Jim Butcher is one of my favourite authors. Nobody is going to accuse him of writing great literature, but his books are damn good fun. However, what I admire most about his books is not the characters, or the world-building (though they’re both pretty good) – it’s the plotting.
With Butcher’s books, I can tell that he has plotted not only each book, but the whole series, in advance. Little incidents in earlier books turn out to be important in later books. Major characters don’t just show up; they’re hinted at earlier.
Take Butcher’s latest book, Skin Game (Harry Dresden book 15). One of the new characters in it, who turns out to be quite important, and whom there are signs that we will see more of – was foreshadowed in an earlier book. Not in any obvious way, but the groundwork for believing in him as a character had already been laid. So we, as readers, already have a conceptual slot to put him in, and we also have some background knowledge that fleshes out the character without Butcher having to do any tedious explaining.
In another incident, a character does something appallingly stupid, meaning that a whole bunch of assumptions that readers have made over previous books suddenly have to be junked. Now, when some authors do that, it’s really disappointing. You feel cheated. The author has suddenly changed direction on you with no warning, and that’s just wrong. But when Butcher does it, once you’ve got over the shock, you sit back and you think “Yeah…. he’s absolutely right.” Because this particular incident made me re-evaluate that character, and made me realise that I’d been wrong (and so had everyone else) all along. That what I’d expected would happen wouldn’t have been the right thing at all. That the stupid thing that the character does was not the result of Butcher needing a sudden plot change and sacrificing readers’ expectations for the quick fix, but entirely due to the fact that Butcher knows those characters and his world a lot better than his readers do. The incident to which I refer did not end up making me feel betrayed, but instead made me realise that I’d been wrong about that character all along – and that the ‘stupid thing’ was actually inevitable. The character would have done it, or something like it, sooner or later. In some ways, that moment of revelation was one of the best parts of the book.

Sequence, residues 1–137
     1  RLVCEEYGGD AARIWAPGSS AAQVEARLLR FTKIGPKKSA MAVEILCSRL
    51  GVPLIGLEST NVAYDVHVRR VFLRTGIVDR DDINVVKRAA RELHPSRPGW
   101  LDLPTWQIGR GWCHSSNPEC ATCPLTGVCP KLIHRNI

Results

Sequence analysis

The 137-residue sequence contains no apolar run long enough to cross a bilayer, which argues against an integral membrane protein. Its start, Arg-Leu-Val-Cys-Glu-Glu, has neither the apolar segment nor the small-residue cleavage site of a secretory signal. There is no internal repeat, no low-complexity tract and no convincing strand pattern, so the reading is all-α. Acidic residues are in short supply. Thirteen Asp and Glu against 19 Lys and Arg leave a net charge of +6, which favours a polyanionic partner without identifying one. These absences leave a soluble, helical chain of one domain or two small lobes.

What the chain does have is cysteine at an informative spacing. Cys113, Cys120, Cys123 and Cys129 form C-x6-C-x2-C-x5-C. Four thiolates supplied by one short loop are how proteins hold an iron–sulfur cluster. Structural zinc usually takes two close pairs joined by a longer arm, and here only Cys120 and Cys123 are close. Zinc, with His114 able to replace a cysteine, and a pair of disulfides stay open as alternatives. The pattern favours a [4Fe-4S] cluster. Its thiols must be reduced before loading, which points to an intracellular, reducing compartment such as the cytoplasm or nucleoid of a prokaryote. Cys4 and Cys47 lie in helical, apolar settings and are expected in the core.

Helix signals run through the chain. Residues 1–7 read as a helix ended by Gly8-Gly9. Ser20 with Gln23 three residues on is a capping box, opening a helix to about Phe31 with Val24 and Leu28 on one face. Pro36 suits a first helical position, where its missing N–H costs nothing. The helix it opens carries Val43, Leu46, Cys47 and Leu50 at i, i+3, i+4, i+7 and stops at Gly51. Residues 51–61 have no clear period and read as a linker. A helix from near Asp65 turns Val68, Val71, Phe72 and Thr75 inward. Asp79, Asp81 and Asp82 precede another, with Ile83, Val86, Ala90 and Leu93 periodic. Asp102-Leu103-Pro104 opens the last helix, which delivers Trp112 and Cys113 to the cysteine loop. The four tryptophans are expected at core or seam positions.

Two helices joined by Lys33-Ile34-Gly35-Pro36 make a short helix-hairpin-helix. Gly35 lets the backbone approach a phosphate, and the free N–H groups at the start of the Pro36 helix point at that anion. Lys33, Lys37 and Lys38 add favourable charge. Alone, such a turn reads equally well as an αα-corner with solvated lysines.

This beautiful plotting means that you never have one of those “WTF???” moments, as a major baddie suddenly appears out of nowhere, or the series as a whole gradually veers off course (and possibly over a narrative cliff). Instead, you not only have a great story, but – as you read the series – you get to sit back and admire the sheer artistry of what Butcher is doing with the series as a whole. Everything interlocks, like a puzzle. There are no flabby bits flopping around looking significant at first but turning out to be irrelevant. It’s tight; it’s efficient. It works. Things move on, move forward.
He’s also subtle. You don’t get big flashing lights that say “Hey! Small but significant point here!” It’s only after he gets to the denouement that you figure out where all the little signposts were. Not only does this preserve the excitement of the books because you can’t always predict what’s going to happen next, but you also get to re-enjoy previous books as you realise the true significance of bits to which you hadn’t really paid much attention.
Butcher’s Dresden Files is the best demonstration I can think of that careful plotting means that a series of books is greater than simply the sum of its parts. And you know what? Spotting the hooks in Skin Game makes me want to read the next book just to find out what they mean…